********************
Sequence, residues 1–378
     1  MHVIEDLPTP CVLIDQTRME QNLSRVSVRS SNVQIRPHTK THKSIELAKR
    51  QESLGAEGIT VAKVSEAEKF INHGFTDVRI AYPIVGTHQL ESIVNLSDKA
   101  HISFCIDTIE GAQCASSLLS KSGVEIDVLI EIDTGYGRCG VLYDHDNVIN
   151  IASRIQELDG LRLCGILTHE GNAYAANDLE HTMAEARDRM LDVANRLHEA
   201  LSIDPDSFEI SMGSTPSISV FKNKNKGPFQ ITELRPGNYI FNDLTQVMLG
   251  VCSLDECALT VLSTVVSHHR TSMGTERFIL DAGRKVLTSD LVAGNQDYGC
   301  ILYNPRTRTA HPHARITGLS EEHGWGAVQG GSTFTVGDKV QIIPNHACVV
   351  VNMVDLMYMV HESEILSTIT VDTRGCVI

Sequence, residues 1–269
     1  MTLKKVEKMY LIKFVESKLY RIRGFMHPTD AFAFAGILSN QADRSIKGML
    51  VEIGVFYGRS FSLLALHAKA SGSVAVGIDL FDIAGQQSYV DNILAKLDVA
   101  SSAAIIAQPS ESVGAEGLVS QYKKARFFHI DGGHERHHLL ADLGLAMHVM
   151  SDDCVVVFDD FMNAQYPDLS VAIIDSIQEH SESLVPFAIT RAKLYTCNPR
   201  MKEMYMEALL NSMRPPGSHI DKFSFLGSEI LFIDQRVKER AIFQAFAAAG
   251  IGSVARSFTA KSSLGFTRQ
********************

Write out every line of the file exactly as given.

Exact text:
Sequence, residues 1–378
     1  MHVIEDLPTP CVLIDQTRME QNLSRVSVRS SNVQIRPHTK THKSIELAKR
    51  QESLGAEGIT VAKVSEAEKF INHGFTDVRI AYPIVGTHQL ESIVNLSDKA
   101  HISFCIDTIE GAQCASSLLS KSGVEIDVLI EIDTGYGRCG VLYDHDNVIN
   151  IASRIQELDG LRLCGILTHE GNAYAANDLE HTMAEARDRM LDVANRLHEA
   201  LSIDPDSFEI SMGSTPSISV FKNKNKGPFQ ITELRPGNYI FNDLTQVMLG
   251  VCSLDECALT VLSTVVSHHR TSMGTERFIL DAGRKVLTSD LVAGNQDYGC
   301  ILYNPRTRTA HPHARITGLS EEHGWGAVQG GSTFTVGDKV QIIPNHACVV
   351  VNMVDLMYMV HESEILSTIT VDTRGCVI

Sequence, residues 1–269
     1  MTLKKVEKMY LIKFVESKLY RIRGFMHPTD AFAFAGILSN QADRSIKGML
    51  VEIGVFYGRS FSLLALHAKA SGSVAVGIDL FDIAGQQSYV DNILAKLDVA
   101  SSAAIIAQPS ESVGAEGLVS QYKKARFFHI DGGHERHHLL ADLGLAMHVM
   151  SDDCVVVFDD FMNAQYPDLS VAIIDSIQEH SESLVPFAIT RAKLYTCNPR
   201  MKEMYMEALL NSMRPPGSHI DKFSFLGSEI LFIDQRVKER AIFQAFAAAG
   251  IGSVARSFTA KSSLGFTRQ